Third, as the sanctity of the Social Security system is changing, the attitudes of individuals

who are currently approaching retirement may be different than those of individuals included

in this analysis. Thus, there may be unobserved differences between generations that would

affect the decision to disengage from a career job, which may either increase or decrease the

workers perceived value of RHI. Finally individuals who prefer to leave their career job

early in life are likely to self-select into a job that offers RHI introducing selection bias into

the estimation. This bias is not controlled for in estimation and thus, the estimated hazard

(42)

References

AARP. 2003. Staying Ahead of the Curve 2003: The AARP Working in Retirement Study. Washington, DC: AARP.

AARP. 2005. Attitudes of Individuals 50 and Older Toward Phased Retirement.Washington, DC: AARP.

AHIP. 2005. Individual Health Insurance: A Comprehensive Survey of Affordability, Access, and Benefits. Washington, DC: AHIP

Bernheim, B. Douglas. 1988. “Social Security benefits: An empirical study of expectations and realizations.” In Issues in Contemporary Retirement, edited by Edward P. Lazear and Rita Ricardo-Campbell (312-345). Palo Alto: Hoover Institution. 18

Blau, David M. and Donna B. Gilleskie. 2001. “Retiree Health Insurance and The Labor Force Behavior of Older Men In The 1990s.” The Review of Economics and Statistics, 83(1): 64–80.

Bound, John, Michael Schoenbaum, Todd R. Stinebricker, and Timothy Waidmann. 1998. “The Dynamic Effects of Health on the Labor Force Transitions of Older Workers.” NBER Working Paper #6777. Cambridge, MA: National Bureau of Economic Research.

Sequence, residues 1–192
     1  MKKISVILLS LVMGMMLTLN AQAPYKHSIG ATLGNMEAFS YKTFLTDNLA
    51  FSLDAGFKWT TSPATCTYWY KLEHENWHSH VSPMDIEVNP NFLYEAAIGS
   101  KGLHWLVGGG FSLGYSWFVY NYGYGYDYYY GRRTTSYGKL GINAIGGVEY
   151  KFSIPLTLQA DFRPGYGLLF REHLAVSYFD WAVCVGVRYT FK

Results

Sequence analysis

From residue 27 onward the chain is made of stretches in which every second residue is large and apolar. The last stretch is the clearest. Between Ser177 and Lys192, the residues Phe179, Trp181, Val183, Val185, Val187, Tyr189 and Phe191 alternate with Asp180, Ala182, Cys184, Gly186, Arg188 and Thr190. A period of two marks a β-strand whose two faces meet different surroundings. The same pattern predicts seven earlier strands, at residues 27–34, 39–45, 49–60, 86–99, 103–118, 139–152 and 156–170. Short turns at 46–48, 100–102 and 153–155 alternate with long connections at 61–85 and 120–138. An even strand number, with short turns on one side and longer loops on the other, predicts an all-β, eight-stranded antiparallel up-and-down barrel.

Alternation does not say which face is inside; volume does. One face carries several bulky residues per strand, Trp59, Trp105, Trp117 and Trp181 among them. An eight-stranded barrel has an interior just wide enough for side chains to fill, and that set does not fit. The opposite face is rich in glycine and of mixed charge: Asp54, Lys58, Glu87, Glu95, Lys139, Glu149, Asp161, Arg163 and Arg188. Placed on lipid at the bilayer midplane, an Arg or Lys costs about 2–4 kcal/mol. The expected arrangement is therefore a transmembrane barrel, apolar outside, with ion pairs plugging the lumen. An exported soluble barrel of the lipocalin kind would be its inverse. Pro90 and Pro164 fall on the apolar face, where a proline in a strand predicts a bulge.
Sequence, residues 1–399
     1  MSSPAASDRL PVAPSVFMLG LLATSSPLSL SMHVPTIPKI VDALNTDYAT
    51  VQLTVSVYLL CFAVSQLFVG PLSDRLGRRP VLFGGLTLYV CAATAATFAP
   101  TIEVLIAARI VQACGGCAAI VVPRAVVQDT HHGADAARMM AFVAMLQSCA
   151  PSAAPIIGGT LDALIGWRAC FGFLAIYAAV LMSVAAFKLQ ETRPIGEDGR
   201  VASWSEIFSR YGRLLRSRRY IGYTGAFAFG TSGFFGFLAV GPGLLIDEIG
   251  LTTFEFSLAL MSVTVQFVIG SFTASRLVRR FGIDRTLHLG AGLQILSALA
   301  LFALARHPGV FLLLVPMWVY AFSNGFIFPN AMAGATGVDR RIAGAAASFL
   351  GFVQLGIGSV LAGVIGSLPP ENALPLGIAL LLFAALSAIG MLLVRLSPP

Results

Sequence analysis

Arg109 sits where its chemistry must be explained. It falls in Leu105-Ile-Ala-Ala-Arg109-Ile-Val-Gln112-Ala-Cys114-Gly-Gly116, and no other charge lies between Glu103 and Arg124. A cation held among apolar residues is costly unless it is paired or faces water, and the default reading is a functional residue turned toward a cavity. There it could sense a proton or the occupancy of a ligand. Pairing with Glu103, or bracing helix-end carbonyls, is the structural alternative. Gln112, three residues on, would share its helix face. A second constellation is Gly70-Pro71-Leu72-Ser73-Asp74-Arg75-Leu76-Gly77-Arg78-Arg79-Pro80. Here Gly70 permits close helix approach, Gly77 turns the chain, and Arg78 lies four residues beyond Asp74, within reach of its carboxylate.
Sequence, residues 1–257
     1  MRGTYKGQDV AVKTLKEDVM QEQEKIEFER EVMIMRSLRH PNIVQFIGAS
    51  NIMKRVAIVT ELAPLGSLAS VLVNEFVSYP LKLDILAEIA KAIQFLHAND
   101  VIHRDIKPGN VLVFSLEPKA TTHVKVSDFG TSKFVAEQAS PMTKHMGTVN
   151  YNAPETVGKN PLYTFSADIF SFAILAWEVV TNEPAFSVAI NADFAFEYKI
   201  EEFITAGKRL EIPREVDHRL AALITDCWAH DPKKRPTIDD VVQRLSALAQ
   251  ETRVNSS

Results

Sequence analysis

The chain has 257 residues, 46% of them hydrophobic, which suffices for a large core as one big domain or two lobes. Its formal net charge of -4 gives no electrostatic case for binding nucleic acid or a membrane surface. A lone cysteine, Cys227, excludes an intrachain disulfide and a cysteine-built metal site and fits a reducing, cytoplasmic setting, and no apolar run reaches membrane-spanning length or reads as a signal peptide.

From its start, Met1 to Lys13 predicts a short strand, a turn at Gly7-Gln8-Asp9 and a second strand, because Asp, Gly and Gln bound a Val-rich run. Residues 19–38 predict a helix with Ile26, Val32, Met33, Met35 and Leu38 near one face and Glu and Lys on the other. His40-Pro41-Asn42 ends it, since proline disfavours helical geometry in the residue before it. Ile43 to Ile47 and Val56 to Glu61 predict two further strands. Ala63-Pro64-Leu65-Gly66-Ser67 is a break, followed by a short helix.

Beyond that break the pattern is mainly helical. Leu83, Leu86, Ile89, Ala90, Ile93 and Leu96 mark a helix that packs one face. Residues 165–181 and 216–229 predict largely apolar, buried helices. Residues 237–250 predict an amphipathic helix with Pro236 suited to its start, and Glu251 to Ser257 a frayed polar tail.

Cahill, Kevin E. and Michael D. Giandrea and Joseph F. Quinn. 2006. “Retirement Patterns From Career Employment.” The Gerontologist, 46:514-523.

Cleves, Mario and William W. Gould and Roberto G. Gutierrez and Yulia Marchenko, 2008. "An Introduction to Survival Analysis Using Stata, 2nd Edition," Stata Press books, StataCorp LP, number saus, August.

Fronstin, Paul. 2005. “The Impact of the Erosion of Retiree Health Benefits on Workers and Retirees.” Employee Benefit Research Institute Issue Brief No. 279.

Garson, G. David (n.d.). "Kaplan-Meier Survival Analysis", from Statnotes: Topics in Multivariate Analysis. Retrieved 06/30/2007 from

http://www2.chass.ncsu.edu/garson/pa765/statnote.htm.

(43)

Headen, Alvin, Robert Clark, and Linda Shumaker Gent. 1995. “Retiree Health Insurance And the Retirement Timing of Older Workers.” Retrieved April 7, 2009, from EconLit database.

Heckman, James. 1977. “Simple Statistical Model for Discrete Panel Data Developed to Test the Hypothesis of True State Dependence against the Hypothesis of Spurious State Dependence.” Annales de l’Insee, (30-31): 227-270.